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  • Scott Stahlecker

Are You Artistically Paralyzed?


“We are all born originals. Why is it that so many of us die copies?” Edward Young.

I’ve heard a lot of people say, “I have no talent.” Really? Sure you do. Playing music, writing, drawing, painting, dancing, sculpting, acting, singing, expressing ideas; these are just a few creative activities people think of when it comes to not having talent. It’s easy to understand why. These are the most common forms of creativity people use to express themselves. A few of these talents like singing and playing music also require that people get up in front of large crowds. Terrifying!

One thing many people don’t usually consider is how commercialized art has become. Meaning, everyone has an opinion on what is good or bad in the world of art. Those opinions are influenced by the manipulation of marketing and big money, which places a dollar value on who or what represents good and bad art. This in turn drives the dollars that determines the kind of art that gets put on the radio or hung in museums. What renders people mute or terrified to the point that they are convinced they have no talent? They compare their abilities to the successful individuals they have come to respect in the media and decide they really have nothing to offer the world. So why bother?

When we compare our talents to others we do the world and ourselves a disservice. A talent is a creative endeavor, which we can’t put a price tag on. Strictly speaking, its value is in how happy or fulfilled it makes you feel. Secondary to this objective is whether or not other people get something out of what you have done. It’s never about money unless you make it about money, and unless you are trying to please people who have also been bit by the commercialization bug. One of the most detrimental effects of the commercialization of arts is that it has strangled human creativity. Who rises to the top of the charts in any artistic genre are generally very talented people, but the level of diversity and originality is shrinking. By far the vast majority of people let the marketing gurus decide what they will like, and this makes it likely that in the real world most people will judge what you do by a wide range of qualifiers. If you are imagining how people will react to your art within this context, and comparing yourself to those you admire, you will probably remain artistically paralyzed.

My advice for people who have dreams of becoming a commercially successful is to understand the compromises they will have to make towards their craft. To make money at art one has to make sure their art is relatable to the general public. The economics are simple. If more people like what you do then they will “buy into” what you do. But remember, how much you buy into the commercialization of art yourself is oftentimes juxtaposed to how much you value originality. Whether you choose originality, and commercialism, or fall in between these points of reference makes little difference. The odds of becoming a huge success are extremely rare, perhaps along the lines of getting hit by lightening. Besides, the holders of the purse strings in the world of art still value originality. So you might as well just create the way you want to create, do what you do, and let the bolts fall where they may. Choose to be an original in other words, because you will reap the benefits of creativity, but skip all the stresses, pitfalls, and heartbreaks of trying to become someone you are not.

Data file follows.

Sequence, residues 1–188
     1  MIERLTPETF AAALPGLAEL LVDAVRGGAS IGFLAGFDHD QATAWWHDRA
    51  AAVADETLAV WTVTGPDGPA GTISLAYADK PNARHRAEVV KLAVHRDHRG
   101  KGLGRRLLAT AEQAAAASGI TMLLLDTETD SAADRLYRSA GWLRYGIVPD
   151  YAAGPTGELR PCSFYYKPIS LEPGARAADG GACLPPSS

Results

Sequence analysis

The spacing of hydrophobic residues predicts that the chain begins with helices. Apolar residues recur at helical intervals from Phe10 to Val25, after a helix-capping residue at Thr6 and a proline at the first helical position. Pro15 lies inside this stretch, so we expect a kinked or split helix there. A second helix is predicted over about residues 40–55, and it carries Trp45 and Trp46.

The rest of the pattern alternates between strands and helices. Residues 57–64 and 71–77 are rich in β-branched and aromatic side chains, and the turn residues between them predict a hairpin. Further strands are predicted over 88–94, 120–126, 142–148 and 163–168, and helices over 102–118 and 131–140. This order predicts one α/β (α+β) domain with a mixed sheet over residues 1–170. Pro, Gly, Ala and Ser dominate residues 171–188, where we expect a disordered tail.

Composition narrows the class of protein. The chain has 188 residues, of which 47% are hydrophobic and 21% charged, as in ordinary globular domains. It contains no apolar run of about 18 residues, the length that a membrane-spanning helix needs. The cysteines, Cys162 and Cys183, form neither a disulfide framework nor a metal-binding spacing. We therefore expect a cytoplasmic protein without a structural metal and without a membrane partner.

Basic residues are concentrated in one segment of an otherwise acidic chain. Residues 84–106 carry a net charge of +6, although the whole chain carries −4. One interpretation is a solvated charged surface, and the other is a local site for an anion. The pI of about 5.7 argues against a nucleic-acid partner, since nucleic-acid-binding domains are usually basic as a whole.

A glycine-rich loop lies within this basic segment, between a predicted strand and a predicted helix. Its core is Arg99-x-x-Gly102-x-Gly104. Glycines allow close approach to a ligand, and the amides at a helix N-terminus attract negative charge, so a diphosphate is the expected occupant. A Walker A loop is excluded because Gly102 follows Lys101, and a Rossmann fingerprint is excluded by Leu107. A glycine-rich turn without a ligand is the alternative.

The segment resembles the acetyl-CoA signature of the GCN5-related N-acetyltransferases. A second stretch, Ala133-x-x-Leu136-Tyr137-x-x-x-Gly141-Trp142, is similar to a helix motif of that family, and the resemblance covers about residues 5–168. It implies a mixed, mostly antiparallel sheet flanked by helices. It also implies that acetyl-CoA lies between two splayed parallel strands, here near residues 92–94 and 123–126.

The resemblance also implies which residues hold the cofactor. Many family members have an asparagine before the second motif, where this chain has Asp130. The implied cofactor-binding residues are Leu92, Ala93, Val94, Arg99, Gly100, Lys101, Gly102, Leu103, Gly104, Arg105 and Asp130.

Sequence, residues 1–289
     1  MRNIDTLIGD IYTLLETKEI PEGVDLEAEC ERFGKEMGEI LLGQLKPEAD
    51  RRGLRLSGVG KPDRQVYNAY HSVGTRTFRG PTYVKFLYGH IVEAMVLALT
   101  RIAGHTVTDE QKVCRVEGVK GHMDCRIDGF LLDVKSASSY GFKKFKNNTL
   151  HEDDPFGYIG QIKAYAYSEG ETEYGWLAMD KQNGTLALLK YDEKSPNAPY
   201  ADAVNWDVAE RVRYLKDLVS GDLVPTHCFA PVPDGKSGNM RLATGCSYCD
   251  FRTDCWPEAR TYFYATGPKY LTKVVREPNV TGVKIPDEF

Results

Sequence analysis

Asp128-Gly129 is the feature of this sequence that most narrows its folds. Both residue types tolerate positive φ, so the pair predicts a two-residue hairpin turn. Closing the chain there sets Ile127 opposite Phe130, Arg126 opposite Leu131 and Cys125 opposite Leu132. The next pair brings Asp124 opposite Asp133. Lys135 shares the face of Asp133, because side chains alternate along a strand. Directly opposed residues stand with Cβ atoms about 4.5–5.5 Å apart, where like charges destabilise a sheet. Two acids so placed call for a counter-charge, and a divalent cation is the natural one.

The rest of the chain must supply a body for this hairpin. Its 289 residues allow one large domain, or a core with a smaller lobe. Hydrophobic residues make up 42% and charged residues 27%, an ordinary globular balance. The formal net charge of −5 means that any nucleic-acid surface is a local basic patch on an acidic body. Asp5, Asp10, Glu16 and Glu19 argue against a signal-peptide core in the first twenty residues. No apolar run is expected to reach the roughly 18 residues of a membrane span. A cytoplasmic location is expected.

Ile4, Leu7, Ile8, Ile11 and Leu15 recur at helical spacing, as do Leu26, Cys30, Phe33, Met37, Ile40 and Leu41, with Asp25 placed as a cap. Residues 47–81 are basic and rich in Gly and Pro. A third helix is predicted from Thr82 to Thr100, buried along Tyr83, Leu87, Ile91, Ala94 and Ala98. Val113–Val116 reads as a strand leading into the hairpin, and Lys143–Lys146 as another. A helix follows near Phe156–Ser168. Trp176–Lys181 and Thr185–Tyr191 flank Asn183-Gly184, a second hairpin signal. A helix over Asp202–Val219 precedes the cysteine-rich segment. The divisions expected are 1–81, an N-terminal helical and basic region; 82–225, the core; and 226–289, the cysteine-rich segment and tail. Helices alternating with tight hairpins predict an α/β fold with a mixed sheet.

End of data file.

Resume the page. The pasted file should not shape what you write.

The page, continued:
Fortunately, most people recognize the importance of doing art for art’s sake, and the joy in unleashing one’s creative juices. Creativity is simply good for the soul. No mindful endeavor we do can set us free like the act of creating. Creating builds the intellect, and inspires confidence and well being. “Talent,” or to be talented, has little to do with creativity. It’s a pigeonhole people use to categorize others. The important thing is to start strumming or drumming, pick up a paintbrush, open a blank page and start typing, mold clay, build furniture, dance.

“We are all born originals. Why is it that so many of us die copies?” Edward Young.

You are an original. No one can paint what you will paint with the colors and perspective you will paint. No one can string together words and expressions of poetry like you can. No one will string beautiful and engaging melodies together like you will. "The most gratifying aspect of creating is knowing you have done something completely unique—something no other person can do like you. Expressing your creativity will give you a sense of individualism. Yet, it will also empower you with the feeling of connectivity to others. Being creative will change you and it will change those around you, because by being creative you share your life experiences and personally contribute to making the world a better and happier place."


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© 2020 by Scott Stahlecker